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The Year's Top Cocktails, Along With a Trio of Holiday Punches
It's time to celebrate with a recap of the year's best drinking.
I’m all for keeping it simple and easy around the holidays. Okay, who am I kidding? Given my praise of lazy bartending, I’m for keeping it simple and easy year all year round. I’ve never been one for molecular mixology, housemade bitters, fat washing, overwrought infusions, or trying to re-create vermouths and liqueurs that someone in Europe already made (usually better) centuries ago.
Generally, I’m happy to just open a good-value sparkling wine—cava and lambrusco are at the top of my list this year. I’m even happier to sit back and let someone else make me a daiquiri or Martinez or Cosmo.
To that end, I’m recommending that you make one of my go-to punches for this year’s holiday gatherings. Either a strawberry-kissed Jamaican rum punch, an esoteric punch that features pear eau de vie, or a historic punch that features sherry, Cognac, and Sauternes. All are unique crowd pleasers, but they’re super simple to batch up ahead of time (scroll down for the recipes).
But today’s newsletter isn’t about me and what I like. This is mainly a recap of Everyday Drinking’s most popular cocktail content of 2022. These are Top-5 most-viewed cocktail articles—the ones you liked best, dear readers.
Everyday Drinking’s Top Cocktail Stories of the Year
No surprises here. Y’all love the Negroni, in all its glorious variations. I do, too, with my favorite variation being the Cyn-Cin I mentioned in this August newsletter.
When the Queen died in September, we talked about her favorite cocktail, made with an ingredient too often forgotten. The Dubonnet cocktail went back into regular rotation at my house.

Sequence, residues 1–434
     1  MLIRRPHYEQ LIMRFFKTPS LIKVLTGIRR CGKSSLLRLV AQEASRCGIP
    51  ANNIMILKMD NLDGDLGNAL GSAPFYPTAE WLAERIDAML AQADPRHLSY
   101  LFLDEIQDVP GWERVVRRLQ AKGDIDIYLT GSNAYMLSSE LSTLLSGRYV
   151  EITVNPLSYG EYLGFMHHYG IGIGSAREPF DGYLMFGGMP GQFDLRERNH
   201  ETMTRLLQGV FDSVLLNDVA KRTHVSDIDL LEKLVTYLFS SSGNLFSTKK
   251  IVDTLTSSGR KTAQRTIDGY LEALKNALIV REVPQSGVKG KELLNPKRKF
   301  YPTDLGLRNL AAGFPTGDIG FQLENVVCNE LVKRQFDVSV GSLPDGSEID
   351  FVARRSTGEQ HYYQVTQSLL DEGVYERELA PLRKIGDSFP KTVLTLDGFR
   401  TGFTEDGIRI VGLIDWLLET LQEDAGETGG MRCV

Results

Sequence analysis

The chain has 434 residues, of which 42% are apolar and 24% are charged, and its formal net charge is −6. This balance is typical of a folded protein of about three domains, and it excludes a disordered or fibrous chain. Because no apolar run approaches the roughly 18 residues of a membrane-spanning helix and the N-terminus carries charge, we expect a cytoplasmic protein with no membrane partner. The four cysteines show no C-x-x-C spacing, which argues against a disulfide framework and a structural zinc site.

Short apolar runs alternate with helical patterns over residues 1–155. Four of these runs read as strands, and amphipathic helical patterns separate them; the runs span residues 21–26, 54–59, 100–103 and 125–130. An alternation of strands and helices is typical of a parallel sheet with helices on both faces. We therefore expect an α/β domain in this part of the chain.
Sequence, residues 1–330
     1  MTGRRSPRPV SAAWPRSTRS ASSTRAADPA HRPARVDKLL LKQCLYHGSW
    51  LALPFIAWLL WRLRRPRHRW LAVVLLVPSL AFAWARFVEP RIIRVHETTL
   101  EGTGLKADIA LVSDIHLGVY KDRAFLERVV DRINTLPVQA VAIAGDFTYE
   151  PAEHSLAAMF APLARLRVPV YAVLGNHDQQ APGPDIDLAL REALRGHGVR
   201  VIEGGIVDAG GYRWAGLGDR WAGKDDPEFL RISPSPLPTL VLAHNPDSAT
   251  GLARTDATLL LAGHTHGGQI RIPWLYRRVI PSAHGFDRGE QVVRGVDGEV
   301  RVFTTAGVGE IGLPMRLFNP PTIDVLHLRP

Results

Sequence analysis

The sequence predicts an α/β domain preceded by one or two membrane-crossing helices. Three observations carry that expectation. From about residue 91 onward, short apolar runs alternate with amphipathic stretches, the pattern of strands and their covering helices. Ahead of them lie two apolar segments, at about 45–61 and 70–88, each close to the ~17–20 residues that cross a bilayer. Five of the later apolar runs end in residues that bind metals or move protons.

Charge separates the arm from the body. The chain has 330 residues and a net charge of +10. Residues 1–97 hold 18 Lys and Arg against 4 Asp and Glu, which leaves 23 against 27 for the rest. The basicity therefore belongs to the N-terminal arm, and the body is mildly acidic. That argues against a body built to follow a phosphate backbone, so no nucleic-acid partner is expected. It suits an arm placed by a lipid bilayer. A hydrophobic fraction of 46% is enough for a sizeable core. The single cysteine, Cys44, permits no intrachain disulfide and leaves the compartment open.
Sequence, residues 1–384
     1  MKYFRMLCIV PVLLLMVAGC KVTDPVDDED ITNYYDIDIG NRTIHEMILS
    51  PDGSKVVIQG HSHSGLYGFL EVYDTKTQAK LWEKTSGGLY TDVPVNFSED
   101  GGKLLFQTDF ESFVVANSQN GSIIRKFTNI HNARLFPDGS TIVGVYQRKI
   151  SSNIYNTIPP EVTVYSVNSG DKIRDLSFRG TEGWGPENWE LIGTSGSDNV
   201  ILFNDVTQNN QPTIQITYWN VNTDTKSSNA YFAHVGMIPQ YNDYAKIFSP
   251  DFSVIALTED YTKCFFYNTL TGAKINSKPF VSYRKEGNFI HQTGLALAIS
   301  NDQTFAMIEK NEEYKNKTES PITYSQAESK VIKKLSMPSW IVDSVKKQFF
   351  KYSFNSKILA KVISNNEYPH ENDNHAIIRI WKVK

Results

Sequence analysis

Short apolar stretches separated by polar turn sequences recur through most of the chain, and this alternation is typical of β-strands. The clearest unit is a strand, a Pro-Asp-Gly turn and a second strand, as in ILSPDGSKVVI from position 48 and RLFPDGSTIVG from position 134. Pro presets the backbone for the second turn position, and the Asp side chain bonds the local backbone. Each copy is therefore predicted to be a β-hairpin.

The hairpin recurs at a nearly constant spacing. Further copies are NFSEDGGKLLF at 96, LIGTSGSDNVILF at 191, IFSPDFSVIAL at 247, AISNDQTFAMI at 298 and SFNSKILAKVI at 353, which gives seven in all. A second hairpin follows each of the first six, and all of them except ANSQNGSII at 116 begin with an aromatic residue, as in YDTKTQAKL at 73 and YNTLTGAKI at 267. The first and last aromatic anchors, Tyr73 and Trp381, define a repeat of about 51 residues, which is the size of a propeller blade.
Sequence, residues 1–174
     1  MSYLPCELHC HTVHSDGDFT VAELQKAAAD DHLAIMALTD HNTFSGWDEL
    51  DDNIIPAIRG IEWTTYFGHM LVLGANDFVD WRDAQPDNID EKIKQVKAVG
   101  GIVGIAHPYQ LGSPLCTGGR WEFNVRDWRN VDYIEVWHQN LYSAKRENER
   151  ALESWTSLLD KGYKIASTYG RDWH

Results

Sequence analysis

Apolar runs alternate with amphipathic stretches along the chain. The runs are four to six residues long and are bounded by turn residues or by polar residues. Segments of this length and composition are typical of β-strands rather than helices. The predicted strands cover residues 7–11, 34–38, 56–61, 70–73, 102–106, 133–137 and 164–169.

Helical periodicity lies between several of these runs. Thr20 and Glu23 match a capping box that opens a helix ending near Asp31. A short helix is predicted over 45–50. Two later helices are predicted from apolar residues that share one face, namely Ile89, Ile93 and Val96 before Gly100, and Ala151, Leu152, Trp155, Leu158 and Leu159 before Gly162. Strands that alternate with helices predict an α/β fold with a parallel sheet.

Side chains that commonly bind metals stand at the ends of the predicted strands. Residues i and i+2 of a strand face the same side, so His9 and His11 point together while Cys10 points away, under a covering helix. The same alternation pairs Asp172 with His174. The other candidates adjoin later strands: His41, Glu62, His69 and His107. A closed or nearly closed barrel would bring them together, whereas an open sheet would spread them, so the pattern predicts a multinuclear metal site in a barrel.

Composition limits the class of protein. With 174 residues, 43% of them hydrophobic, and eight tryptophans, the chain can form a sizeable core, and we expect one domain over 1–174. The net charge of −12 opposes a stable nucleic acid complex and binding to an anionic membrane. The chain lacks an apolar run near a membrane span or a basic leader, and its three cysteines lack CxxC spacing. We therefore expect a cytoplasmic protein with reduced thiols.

I was happy to witness Gen Z’s “discovery” of the martini this year, and was glad to revisit some favorite variations, including the Turf Club and the Ideal Cocktail in this article.
The readers’ passion for aquavit did come as a bit of a surprise, but I was here for it. Especially in inventive cocktails like the 866, along with Campari and grapefruit juice.
Like me, you all seem to crave simplicity when it comes to cocktails. So it makes sense that the Spanish soda-plus-wine cocktails, such as the Calimocho (red wine + cola) and Rebujito (sherry + 7-Up), were a hit in this piece that ran back in June.
Finally, My Favorite Cocktail Piece of the Year That No One Read
Salty Dogs make me happy, and if I had to choose one fruit as a cocktail ingredient, it would be the grapefruit. ICYMI (which most of you did, btw).
A TRIO OF PUNCHES FOR THE HOLIDAY
Light Guard Punch
With Sauternes, sherry, and Cognac, this is a perfect holiday punch for people with esoteric tastes. It’s easy and extravagant at the same time. And it’s a historic recipe, with the original appearing in Jerry Thomas’ 1862 classic The Bartender’s Guide: How To Mix Drinks. This version is from Dan Searing in his book The Punch Bowl, one of the most underrated cocktail guides of the last decade and a favorite of mine. Besides Sauternes, other botrytised sweet wines also work well. Methode traditionnelle sparkling wine is the way to go in cocktails like this. It’s a very generous and flexible recipe that serves about a dozen, but is also easy to double since you’ve already got the Sauternes and sherry open and the pineapple chopped.